An FAA policy memo issued last week highlights the potential safety hazards associated with the rechargeable lithium batteries in electronic flight bag (EFB) portable computers.
Lithium batteries, as used in cellphones, laptops and other electronic equipment, have been in the news recently, as airlines have severely limited their carriage on aircraft due to the hazard of fire. So it might not seem an opportune time to begin marketing a lithium battery designed to replace nicad and lead-acid aircraft batteries.
A fuel-cell-powered electric airplane is the goal of Worcester, Mass.-based Advanced Technology Products and its nonprofit arm, the Foundation for Advancing Science and Technology Education. At Oshkosh, ATP announced its receipt of a $400,000 NASA grant to develop a fuel cell and exhibited a modified DynAero Lafayette III, built and donated by American Ghiles Aircraft of Deland, Fla. The airplane is being developed in three phases.
Aircraft maintenance does not exactly move forward technologically at the speed of light. Instead, it appears the industry is in a constant state of making things incrementally better. A small innovation here, some modification to an existing procedure there, a reemphasis on the importance of service, and the result is that operators get better, faster, more cost-effective maintenance.
The FAA has approved eight valve-regulated sealed lead acid batteries
under Technical Standard Order C173 for Concorde Battery.
The TSO-approved models are Concorde’s RG-121 Series and RG-122 Series, emergency batteries for lighting, standby, avionics, fadec and backup power. Parts conforming to TSO C173 are approved for design and production.
New regulations limiting–and in some cases prohibiting–the transport of certain types of batteries on passenger aircraft are directed at the airlines, but business jet operators throughout the U.S. are addressing the issue with similar policies and recommendations following an increase in the number of aviation incidents involving overheated batteries and battery-powered devices.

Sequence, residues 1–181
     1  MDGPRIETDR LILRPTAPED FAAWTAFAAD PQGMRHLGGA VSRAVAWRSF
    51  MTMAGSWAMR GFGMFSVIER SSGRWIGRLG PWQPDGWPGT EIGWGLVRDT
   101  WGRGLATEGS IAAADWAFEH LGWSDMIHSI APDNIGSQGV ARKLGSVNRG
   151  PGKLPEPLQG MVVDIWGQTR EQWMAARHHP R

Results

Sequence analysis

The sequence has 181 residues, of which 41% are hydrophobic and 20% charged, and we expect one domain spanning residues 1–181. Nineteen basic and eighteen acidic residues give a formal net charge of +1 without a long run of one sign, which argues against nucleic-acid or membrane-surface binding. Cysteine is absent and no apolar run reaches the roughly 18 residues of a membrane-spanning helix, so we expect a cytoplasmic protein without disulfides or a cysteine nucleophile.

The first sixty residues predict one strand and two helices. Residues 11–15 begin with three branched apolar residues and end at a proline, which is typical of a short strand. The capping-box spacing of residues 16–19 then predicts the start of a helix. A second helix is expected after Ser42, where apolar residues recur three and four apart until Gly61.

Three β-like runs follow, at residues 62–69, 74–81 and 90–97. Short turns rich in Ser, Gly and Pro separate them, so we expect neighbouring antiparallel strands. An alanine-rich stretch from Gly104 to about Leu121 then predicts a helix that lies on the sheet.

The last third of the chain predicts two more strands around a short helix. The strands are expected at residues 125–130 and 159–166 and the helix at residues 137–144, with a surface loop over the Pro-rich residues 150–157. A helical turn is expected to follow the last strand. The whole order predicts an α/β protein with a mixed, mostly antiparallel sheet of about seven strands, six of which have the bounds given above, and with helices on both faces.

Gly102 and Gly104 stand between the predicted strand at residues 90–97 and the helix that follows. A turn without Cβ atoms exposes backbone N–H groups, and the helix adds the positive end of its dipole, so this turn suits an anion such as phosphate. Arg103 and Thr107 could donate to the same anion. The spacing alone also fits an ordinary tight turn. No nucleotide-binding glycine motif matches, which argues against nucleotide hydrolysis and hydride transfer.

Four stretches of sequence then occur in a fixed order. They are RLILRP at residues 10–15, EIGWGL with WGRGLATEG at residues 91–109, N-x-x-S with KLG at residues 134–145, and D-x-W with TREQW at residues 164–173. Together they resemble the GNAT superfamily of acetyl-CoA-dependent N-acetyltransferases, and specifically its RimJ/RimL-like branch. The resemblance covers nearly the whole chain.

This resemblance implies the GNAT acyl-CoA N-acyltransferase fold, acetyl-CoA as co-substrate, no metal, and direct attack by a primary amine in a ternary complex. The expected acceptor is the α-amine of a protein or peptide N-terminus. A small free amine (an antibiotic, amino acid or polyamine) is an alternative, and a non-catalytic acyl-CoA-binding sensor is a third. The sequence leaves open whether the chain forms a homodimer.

Securaplane recently announced that CRS Jet Spares, a Securaplane mainship and emergency battery line distributor, has sold its 20,000th mainship battery. Securaplane emergency battery systems use Hawker sealed lead acid batteries instead of nicads and are either original or approved replacement equipment for most business jets.
The Hawker 43Ah steel case, sealed lead-acid battery has been STC’d for installation in the Embraer Brasilia. The unit was developed as a replacement for the factory-installed SAFT 4076-9 and 4078-10. It is already in use on the Bandeirante, Twin Otter and Dash 8.
Securaplane Technologies of Tucson, Ariz., has announced the availability of a sealed lead-acid battery for Gulfstream IIIs and IVs and Falcon 2000/2000EXs. The EnerSys Hawker battery is a direct replacement for the Ni-Cad battery and does not require any modification to the existing charger or battery-temperature system on the aircraft.
The FAA extended the deadline from this April 12 to April 30 next year for Part 121 regional and major airlines to equip automated external defibrillators (AED) with approved batteries. Despite several years’ notice, Phillips Medical, the primary manufacturer of AEDs for airliners, only recently applied for TSO C142 approval for its batteries.